Quebec Conference, 1864

Map of the Eastern British Provinces in North America at the time of Confederation 1867.jpg
Beginning on 10 October 1864, and lasting over two weeks, the Quebec Conference was held to discuss a proposed Canadian confederation. It was in response to the shift in political ground as Britain and the United States had come very close to engaging in war with each other. Therefore, the overall goal of the conference was to elaborate on policies surrounding federalism, and creating a single state which were discussed previously at the Charlottetown Conference around a month earlier. Canada West leader John A. Macdonald requested Governor-General Charles Monck to invite all representatives from the three Maritime provinces and Newfoundland to meet with the candidates who formed the United Canada to Quebec, in October 1864. Newfoundland sent two observers, but did not participate directly in the proceedings. The Conference was held at the Château Frontenac.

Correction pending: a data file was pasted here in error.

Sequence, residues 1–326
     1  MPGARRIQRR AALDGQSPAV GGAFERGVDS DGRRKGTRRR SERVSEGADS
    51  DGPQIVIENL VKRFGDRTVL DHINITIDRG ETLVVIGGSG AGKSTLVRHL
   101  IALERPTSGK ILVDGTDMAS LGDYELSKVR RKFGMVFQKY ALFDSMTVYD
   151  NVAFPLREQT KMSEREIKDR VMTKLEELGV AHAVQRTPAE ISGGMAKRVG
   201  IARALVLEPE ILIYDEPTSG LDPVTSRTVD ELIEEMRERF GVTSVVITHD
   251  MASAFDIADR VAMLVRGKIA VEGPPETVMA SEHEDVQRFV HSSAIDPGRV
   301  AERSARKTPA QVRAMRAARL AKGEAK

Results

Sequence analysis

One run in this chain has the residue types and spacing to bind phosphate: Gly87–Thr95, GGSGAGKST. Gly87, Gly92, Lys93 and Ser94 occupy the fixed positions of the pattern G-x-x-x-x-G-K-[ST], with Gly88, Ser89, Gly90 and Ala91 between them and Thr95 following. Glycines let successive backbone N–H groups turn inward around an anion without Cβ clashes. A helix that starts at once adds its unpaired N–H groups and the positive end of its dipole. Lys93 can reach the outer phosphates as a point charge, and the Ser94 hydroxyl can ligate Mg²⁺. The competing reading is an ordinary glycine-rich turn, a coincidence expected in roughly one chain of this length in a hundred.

The Charlottetown Conference of September 1864, laid the foundations for the Quebec Conference and was a significant meeting that would determine what would be discussed in the Quebec Conference. During the Conference, the Canadians found support for the confederation, as discussions pointed towards a unified decision to unite the provinces under the name of Canada. The Canada West member, John A. Macdonald, who would be highly prominent in the Quebec Conference, began to find allies that would enable him to have a more dominant and influential role in the Quebec Conference a month later. One key alliance made in the Charlottetown Conference that would transfer over to the Quebec Conference was made between the Maritime delegates and Macdonald as they saw him as less abrasive than the other Canada West Official, George Brown. Macdonald appealed to the Maritime populace as he seemed a more friendly and diplomatic alliance than George Brown, and in terms of Canada East politician, George Etienne Cartier, Macdonald was an anglophone, and although Cartier was prominent at the discussions at Charlottetown, the Maritime politicians were yet to get used to the influence and power of the francophone politicians.